Introducing Elm

Enter Elm. It's a delightful language for modern web programming. Elm has Haskell-inspired syntax, and takes inspiration from other languages, as well. It's type-safe, but with optional type annotations. This means that errors are usually discovered at compile time, rather than at runtime. That means that if it compiles, it's very likely to run without errors from then on. The compiler error messages are friendly, and so is the community, which is very open and supportive. Even though it's a new language, it has seen a lot of adoption already in the industry, and has a ton of packages available for it. Elm compiles to HTML, CSS, and JS, so instead of wrangling those three languages (or three analogous preprocessor languages), you just write Elm, and it handles the rest.

Hello world

Here's the bare minimum web page you can make with Elm.

module Main exposing (..)

import Html exposing (..)

main = text "hello world!"

You can run this example here on Ellie, if you don't yet have Elm installed.

What's happening here?

  1. Ellie requires you to declare that your file is a module called Main.
  2. The function text, as well as the other Html functions we'll use, are in the HTML Module, which we have to import.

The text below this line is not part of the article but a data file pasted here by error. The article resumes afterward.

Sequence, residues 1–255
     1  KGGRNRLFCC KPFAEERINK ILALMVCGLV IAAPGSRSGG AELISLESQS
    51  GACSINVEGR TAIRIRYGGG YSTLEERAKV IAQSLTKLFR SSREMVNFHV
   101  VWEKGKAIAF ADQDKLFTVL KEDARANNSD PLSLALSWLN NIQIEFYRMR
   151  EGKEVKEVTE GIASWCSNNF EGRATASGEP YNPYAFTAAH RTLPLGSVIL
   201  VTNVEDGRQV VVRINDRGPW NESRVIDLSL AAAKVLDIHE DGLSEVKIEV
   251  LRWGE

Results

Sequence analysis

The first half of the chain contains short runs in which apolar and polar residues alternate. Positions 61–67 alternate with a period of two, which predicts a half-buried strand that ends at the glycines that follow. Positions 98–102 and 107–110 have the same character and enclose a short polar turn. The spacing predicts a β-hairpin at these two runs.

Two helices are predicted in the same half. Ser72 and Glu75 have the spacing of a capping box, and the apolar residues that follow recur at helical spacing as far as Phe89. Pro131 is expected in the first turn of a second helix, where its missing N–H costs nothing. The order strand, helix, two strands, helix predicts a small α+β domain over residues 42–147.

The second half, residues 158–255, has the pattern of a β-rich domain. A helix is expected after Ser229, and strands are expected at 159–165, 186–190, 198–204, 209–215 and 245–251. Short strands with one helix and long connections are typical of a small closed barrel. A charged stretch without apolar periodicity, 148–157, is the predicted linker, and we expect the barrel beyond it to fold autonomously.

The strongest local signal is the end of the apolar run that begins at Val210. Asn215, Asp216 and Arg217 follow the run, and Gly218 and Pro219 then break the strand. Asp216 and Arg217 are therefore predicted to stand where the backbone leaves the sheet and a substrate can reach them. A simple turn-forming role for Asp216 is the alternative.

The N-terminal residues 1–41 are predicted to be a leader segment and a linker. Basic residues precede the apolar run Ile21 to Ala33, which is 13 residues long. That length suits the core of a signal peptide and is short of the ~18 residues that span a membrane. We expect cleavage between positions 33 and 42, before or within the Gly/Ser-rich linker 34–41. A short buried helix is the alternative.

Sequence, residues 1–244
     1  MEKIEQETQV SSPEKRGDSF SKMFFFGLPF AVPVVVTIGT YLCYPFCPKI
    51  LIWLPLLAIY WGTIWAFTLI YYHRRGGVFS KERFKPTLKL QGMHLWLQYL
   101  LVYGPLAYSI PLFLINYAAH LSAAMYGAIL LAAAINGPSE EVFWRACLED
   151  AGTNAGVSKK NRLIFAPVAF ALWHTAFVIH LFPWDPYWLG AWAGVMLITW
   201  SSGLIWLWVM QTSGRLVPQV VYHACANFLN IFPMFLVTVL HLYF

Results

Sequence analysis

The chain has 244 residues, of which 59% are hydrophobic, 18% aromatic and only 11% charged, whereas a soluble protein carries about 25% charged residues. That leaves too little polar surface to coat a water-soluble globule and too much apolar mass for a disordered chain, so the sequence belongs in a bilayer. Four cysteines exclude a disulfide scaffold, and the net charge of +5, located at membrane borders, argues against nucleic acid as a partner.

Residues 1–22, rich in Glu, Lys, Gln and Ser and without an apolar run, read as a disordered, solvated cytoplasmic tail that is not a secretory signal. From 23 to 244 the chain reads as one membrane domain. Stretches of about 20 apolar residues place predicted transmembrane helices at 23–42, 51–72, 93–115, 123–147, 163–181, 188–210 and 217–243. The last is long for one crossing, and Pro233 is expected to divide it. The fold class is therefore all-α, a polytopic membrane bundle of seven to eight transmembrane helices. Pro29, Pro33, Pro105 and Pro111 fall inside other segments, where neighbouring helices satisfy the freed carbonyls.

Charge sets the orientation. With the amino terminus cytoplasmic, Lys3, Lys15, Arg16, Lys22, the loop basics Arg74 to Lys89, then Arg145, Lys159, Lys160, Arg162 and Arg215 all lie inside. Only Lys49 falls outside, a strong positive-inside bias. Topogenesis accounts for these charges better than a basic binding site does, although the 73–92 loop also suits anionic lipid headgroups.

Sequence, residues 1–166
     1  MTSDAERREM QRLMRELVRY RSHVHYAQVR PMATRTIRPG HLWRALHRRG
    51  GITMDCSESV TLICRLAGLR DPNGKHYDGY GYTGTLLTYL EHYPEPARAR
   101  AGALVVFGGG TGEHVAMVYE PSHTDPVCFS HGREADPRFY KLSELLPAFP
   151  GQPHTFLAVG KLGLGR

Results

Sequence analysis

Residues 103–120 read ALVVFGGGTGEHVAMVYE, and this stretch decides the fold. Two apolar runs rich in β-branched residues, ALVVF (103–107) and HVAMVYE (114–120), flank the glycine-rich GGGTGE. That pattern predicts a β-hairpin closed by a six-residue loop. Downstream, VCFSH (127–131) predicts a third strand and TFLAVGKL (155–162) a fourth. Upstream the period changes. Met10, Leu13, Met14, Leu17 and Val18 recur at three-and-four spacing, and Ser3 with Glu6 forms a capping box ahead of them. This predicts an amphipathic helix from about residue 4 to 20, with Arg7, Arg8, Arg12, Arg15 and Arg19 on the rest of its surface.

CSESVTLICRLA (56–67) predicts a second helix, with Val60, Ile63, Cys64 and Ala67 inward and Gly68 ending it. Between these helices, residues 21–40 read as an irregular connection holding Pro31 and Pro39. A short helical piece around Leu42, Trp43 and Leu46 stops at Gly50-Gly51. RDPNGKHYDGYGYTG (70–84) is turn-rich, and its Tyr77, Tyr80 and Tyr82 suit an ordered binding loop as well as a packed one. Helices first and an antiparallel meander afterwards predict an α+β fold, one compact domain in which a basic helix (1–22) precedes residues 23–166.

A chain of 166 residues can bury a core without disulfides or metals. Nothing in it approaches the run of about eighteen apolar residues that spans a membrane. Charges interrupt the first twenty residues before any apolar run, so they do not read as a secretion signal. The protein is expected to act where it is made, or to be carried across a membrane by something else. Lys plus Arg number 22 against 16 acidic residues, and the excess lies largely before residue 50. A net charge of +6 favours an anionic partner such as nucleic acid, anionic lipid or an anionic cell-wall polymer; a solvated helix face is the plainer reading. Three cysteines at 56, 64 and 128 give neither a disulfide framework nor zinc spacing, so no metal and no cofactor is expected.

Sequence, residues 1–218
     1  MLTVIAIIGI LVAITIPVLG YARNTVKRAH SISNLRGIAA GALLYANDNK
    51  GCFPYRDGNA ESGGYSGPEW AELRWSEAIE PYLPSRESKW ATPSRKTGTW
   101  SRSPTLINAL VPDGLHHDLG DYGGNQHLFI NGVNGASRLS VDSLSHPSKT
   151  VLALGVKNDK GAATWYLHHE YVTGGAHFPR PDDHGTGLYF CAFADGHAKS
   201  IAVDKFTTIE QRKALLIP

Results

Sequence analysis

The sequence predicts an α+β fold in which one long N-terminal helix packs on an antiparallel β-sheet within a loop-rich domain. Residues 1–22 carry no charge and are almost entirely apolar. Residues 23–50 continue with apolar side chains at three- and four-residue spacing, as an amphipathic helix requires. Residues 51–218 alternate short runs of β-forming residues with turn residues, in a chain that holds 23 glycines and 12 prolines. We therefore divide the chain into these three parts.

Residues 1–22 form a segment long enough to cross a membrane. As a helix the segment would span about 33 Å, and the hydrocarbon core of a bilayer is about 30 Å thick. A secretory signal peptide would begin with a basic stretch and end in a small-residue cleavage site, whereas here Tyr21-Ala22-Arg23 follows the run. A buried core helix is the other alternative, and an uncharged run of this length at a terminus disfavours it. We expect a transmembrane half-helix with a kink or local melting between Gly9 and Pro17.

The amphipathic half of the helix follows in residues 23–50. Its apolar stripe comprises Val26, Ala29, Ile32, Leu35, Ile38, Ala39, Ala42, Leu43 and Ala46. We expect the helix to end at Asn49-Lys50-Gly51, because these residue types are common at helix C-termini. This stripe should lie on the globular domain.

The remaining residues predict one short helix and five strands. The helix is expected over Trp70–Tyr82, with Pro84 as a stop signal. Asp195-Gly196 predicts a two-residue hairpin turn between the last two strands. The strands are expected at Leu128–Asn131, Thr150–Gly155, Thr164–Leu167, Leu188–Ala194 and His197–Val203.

3. Function calls in Elm look like they do in Haskell, so write text "hello world" instead of text("hello world") as it would look in Python-like languages.

Puppies or kittens?

Now let's prototype a toy web page, about whether puppies or kittens are cuter:

module Main exposing (..)

import Html exposing (..)
import Html.Attributes exposing (..)

main = main_ []
  [ h1 [ style "color" "red" ] [ text "Puppies or kittens?" ]
  , p [] [ text "This page considers the problem of whether puppies or kittens are cuter." ]
  , img [ src "https://placekitten.com/g/400/400" ] []
  ]

Run this example here on Ellie.

Here's what's going on here:

  • Lists in Elm look like this: [ a, b, c ]
  • HTML functions usually take two arguments: a list of attributes, and a list of contents: p [ attribute1, attribute2 ] [ element1, element2 ]. Thus, the main_ function has no attributes, but has three children: h1, p, and img.
  • CSS is written in the same way. style takes two arguments, the CSS selector, and its value.
  • Whitespace doesn't matter, so we can indent this any way that makes sense.

Functions